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To Affinity & Beyond!


A disruptor in senior living provides lessons on how to thrive in the value-based-care future


Members of Affinity’s Executive Team meet every Monday to review key metrics identified by the organization, allowing them to identify trends, refine processes and address emerging issues quickly.


Anyone who’s been paying attention can see there has been a shift in long-term care over the last 5-10 years. Individuals who used to recover in a hospital are now being discharged to skilled nursing facilities (SNFs) shortly after surgery. Those who were previ- ously long-time residents of SNFs are now adapting to assisted living. And operators who were blithely running senior living organizations on a hospitality model are quickly finding themselves…challenged to compete.


This was the overall takeaway I had when I met with Charlie Trefzger, President & CEO of Affinity Living Group, earlier this year. Trefzger’s background testi- fies to the fact that he knows his stuff: During more than 30 years in the healthcare industry, Trefzger has managed the development, acquisition and operation of hundreds of senior living and healthcare facilities, including nursing homes, senior living resi- dences, and their associated operations.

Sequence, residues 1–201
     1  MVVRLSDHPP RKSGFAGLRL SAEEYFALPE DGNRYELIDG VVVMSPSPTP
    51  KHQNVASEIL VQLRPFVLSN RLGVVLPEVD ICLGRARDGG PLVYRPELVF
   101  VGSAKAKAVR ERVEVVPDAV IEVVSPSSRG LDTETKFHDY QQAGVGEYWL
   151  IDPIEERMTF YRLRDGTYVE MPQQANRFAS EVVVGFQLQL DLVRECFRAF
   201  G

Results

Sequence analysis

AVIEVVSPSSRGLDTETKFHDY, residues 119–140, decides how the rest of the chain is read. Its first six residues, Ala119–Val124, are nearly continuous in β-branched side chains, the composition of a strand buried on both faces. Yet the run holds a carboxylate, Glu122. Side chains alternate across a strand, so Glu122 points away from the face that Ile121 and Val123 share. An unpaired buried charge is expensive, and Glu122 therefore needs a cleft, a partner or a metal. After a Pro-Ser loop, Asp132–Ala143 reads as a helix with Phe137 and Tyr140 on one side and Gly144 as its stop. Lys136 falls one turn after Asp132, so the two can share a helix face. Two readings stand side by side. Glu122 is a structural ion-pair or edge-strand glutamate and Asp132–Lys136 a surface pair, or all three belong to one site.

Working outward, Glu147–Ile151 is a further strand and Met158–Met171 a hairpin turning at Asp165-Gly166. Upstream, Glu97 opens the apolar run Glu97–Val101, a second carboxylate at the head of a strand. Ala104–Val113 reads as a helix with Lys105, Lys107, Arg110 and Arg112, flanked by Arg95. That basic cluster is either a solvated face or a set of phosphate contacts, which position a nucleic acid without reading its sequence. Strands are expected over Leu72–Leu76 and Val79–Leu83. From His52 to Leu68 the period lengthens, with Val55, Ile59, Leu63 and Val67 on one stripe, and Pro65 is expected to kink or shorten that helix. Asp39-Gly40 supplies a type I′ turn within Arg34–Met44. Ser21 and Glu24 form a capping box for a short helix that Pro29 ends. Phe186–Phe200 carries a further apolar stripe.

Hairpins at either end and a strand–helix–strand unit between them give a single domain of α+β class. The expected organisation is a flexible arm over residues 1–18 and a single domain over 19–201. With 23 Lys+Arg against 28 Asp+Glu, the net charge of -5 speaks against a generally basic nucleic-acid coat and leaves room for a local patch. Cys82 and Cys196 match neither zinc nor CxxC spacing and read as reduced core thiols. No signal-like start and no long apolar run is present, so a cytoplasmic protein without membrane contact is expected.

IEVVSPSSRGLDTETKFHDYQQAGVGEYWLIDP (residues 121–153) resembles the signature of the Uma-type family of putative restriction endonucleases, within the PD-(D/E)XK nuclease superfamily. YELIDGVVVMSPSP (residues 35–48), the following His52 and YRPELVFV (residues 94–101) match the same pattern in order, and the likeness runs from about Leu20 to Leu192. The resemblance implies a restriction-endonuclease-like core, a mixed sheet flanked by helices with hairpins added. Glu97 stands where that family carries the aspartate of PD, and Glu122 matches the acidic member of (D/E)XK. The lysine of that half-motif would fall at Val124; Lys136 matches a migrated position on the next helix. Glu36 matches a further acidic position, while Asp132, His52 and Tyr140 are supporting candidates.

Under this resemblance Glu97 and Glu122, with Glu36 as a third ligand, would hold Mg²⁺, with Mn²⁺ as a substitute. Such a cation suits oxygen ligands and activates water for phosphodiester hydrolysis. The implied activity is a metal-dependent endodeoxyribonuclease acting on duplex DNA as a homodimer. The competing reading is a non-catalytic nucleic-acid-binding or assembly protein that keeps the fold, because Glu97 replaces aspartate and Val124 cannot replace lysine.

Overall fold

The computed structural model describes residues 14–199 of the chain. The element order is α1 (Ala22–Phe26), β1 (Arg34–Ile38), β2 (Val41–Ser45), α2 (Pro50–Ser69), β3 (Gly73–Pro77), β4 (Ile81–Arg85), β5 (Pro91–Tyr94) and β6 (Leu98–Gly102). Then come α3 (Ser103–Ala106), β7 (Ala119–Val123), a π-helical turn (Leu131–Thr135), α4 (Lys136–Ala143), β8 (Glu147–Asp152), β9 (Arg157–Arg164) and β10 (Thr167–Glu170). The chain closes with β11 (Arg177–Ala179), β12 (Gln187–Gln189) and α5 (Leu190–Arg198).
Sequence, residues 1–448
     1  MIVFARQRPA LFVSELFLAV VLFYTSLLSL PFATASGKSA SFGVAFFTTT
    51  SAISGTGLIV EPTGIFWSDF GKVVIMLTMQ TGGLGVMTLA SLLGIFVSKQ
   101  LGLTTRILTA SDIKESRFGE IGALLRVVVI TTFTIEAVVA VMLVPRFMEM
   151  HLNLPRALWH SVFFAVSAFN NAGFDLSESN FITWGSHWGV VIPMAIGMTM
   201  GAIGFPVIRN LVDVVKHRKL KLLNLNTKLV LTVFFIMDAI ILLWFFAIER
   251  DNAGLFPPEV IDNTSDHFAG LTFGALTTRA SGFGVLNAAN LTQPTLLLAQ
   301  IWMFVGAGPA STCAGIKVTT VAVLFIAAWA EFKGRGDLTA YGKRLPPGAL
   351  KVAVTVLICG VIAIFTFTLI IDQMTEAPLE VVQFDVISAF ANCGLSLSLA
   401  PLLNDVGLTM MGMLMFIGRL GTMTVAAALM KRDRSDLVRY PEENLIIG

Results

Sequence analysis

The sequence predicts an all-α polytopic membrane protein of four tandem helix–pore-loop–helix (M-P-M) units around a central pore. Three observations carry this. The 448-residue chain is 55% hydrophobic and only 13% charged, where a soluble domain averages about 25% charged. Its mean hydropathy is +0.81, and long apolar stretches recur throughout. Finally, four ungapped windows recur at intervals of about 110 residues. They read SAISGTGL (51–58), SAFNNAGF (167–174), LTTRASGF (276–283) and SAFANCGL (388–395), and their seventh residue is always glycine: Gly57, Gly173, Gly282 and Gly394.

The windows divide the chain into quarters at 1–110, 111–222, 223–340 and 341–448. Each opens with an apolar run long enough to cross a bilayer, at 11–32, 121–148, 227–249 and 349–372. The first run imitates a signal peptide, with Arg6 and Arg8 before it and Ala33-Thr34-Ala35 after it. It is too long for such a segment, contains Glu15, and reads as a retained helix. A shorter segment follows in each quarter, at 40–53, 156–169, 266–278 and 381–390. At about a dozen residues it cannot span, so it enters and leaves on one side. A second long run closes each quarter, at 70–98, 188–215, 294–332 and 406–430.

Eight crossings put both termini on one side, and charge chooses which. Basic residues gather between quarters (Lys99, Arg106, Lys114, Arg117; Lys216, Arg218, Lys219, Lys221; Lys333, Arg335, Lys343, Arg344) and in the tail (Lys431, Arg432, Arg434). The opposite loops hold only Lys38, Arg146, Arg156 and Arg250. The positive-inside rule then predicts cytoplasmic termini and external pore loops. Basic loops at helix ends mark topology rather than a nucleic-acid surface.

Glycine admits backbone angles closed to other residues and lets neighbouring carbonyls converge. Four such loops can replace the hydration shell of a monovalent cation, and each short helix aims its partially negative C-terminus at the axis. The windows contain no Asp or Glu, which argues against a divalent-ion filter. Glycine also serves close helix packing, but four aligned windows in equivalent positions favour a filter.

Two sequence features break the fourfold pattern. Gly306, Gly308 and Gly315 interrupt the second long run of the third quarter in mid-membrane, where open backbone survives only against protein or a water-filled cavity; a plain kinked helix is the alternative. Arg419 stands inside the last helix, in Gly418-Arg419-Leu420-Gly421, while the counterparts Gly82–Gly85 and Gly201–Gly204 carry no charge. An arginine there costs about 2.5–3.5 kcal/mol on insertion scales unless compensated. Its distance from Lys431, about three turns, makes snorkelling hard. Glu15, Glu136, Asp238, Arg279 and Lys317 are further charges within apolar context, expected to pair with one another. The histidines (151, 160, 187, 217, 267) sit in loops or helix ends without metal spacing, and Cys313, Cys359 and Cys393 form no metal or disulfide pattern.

Headquartered in Hickory, NC, Affinity Living Group is the largest provider of senior living services in the southeastern United States (9th largest in the nation) serving over 12,000 residents in 150 senior living


20 SENIOR LIVING EXECUTIVE MARCH/APRIL 2019


communities. I wanted to learn what makes Affinity’s approach different, to determine what lessons other senior living operators could apply to their business.


Lesson #1) Don’t treat technology as an afterthought, build it into your organization’s infrastructure.


In a world where many senior living operators are still using paper and pen to document caregiving, Affinity realized that the only way to properly scale operations was to invest in the technical infrastructure necessary to support them. For Affinity, this means a two-fold approach: bringing existing communities (e.g., those brought on via acquisition) onto their systems quickly and building a robust technology infrastructure into new buildings at the outset of planning and construction.


“More developers should be thinking about technol- ogy at the construction stage,” advises Trefzger. “It’s much easier to build in the necessary infrastructure during initial construction than to retrofit a building. And because the cost can be rolled into overall con- struction and treated as a capital expense, it’s much cheaper, too.” This philosophy is reflected in the


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